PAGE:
Orphan sea lion pup making progress at SeaLife Center

Posted: Monday, June 17, 2002

SEWARD - Faith has a good appetite, a loud cry and is making marine mammal rehabilitation history in Alaska.

The pup is the first stranded Steller sea lion in the state to be rescued and nurtured back to health by rehabilitation staff at the Alaska SeaLife Center.

Faith arrived at the center June 4, said Natalie Noll, the center's rehabilitation coordinator.

Since arriving, she's gained 5 pounds. During a feeding last week, the 37-pound pup suckled two bottles of specially made formula from veterinarian student-intern Craig Pelton in less than 10 minutes.

Noll described Faith as very bony and dehydrated when she arrived at the Anchorage airport on an Alaska Airlines flight from Ketchikan.

Researchers for the Alaska Department of Fish and Game observed the week-old pup May 31 on a small beach close to a large sea lion rookery on Lowrie Island near Ketchikan.

Researchers think perhaps storms flushed the pup off the rookery and onto the island out of reach of her mother. Sea lion pups as young as Faith don't swim and normally don't leave the rookery until three weeks of age.

When the pup still remained on the beach June 4, ASLC staff working in cooperation with the National Marine Fisheries Service and the state Department of Fish and Game determined the sea lion was abandoned and started preparing to rescue her.

Noll said returning the pup to the rookery was not feasible.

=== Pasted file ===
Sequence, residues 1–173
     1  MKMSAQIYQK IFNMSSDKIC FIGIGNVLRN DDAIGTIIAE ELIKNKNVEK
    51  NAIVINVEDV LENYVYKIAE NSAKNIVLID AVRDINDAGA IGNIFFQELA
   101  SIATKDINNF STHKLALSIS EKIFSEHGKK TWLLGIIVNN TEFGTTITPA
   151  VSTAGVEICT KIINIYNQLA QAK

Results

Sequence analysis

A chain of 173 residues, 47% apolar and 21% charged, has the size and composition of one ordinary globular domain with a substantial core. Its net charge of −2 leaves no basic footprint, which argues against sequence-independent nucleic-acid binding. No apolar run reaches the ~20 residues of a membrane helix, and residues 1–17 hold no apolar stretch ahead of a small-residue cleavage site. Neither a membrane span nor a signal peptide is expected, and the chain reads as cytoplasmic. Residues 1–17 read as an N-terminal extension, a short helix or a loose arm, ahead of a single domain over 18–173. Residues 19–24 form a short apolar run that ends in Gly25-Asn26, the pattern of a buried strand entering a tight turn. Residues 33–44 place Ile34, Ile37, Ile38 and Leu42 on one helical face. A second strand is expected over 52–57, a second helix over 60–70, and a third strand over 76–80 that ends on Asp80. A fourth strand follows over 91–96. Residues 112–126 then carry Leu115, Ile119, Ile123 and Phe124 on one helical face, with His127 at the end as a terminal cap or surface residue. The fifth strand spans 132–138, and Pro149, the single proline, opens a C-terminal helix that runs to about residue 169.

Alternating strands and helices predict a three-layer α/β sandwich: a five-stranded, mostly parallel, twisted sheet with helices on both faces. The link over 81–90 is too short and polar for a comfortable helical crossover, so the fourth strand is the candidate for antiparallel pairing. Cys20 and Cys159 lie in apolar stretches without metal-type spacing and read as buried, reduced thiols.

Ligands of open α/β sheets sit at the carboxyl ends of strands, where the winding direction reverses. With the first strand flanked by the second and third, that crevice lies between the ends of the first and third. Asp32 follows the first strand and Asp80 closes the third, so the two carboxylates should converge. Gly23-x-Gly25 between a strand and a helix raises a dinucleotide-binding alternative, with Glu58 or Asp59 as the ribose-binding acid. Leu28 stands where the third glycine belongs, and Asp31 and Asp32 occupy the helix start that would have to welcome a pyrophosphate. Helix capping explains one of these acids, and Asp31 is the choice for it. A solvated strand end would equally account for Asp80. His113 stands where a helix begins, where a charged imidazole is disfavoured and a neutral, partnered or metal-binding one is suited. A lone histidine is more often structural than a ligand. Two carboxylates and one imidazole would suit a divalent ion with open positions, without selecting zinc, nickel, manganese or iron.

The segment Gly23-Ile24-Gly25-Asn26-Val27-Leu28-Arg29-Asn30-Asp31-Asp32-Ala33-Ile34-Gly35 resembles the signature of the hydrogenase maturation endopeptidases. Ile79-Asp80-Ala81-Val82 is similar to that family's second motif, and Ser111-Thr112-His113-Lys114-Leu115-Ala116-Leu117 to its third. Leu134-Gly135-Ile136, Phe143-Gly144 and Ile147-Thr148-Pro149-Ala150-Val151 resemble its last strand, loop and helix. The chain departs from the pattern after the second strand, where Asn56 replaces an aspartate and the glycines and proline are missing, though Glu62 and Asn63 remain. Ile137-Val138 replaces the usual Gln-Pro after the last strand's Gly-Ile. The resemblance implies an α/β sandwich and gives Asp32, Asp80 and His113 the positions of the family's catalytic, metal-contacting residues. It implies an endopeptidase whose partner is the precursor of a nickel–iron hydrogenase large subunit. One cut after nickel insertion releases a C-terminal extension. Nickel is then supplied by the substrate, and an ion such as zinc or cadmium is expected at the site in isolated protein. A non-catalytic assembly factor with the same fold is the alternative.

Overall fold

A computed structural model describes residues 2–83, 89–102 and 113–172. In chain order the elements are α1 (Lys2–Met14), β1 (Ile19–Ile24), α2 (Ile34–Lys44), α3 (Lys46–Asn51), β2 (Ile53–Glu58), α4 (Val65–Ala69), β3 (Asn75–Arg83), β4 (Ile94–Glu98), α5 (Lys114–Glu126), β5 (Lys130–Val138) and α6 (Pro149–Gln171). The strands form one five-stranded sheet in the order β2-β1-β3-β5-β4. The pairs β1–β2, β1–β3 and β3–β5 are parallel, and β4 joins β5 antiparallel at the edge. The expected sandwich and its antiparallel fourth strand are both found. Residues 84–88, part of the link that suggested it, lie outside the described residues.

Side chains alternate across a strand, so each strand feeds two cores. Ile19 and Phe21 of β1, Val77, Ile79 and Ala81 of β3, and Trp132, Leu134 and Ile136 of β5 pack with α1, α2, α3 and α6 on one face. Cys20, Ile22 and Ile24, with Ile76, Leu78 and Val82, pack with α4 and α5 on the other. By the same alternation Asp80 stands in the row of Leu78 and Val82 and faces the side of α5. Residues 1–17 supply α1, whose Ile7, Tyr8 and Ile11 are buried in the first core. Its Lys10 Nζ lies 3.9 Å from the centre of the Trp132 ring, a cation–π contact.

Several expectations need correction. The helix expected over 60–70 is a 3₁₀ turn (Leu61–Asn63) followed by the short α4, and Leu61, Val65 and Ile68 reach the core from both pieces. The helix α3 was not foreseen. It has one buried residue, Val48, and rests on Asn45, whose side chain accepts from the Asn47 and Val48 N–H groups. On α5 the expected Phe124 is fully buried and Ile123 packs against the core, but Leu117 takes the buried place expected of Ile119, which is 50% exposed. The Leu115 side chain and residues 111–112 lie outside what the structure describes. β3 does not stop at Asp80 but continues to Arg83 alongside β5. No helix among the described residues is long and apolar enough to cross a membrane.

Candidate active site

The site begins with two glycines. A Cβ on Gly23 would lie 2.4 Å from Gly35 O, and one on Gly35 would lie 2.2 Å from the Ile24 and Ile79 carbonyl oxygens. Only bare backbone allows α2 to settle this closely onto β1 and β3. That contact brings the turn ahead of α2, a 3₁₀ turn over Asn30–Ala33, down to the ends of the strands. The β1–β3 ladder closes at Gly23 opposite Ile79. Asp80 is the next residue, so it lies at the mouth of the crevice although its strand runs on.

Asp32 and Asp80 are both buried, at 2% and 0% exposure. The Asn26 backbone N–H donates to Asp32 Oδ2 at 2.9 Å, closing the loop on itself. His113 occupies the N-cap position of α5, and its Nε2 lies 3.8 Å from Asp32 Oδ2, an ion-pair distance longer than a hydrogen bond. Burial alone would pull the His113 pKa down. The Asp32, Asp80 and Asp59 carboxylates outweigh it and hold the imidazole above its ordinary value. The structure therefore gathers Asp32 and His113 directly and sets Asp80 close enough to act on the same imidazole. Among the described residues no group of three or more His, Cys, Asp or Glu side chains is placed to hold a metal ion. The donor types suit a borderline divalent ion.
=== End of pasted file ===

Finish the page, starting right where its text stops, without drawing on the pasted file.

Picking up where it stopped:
"It's a very large rookery separated into three distinct groups," Noll said of the haul-out area. "Once we put her on there, we couldn't get her off."

The disturbance caused by placing the pup back on the rookery could act like a storm in itself and flush more pups into the sea, she said.

Storms also have caused havoc with the rookery at Chiswell Islands south of Seward, Noll said. Cameras placed on the island revealed between 10 and 12 pups being pulled into the sea recently from waves crashing onto the rocks.

However, more pups were spotted the following day hiding in the rocks high above the surf zone allowing researchers to estimate a loss of eight or nine pups out of 26 born so far this year.

The rehab staff was unable to retrieve the Chiswell Island pups washed into the sea, and instead are concentrating on Faith.

The opportunity to rehabilitate a Steller sea lion pup is a first in Alaska, Noll said. However, aquariums in California and Canada have had success with young sea lions.

The rehab staff hopes to release Faith back into the wild. But their biggest challenge will be socializing the animal with another sea lion because there are no captive pups in Alaska.

Soon, Faith will begin receiving nourishment from a remote feeding site with no human contact, Noll said. But for now, she seems to enjoy her bottle of formula every four hours and the human behind it.

Faith's rehab process could take up to a year.

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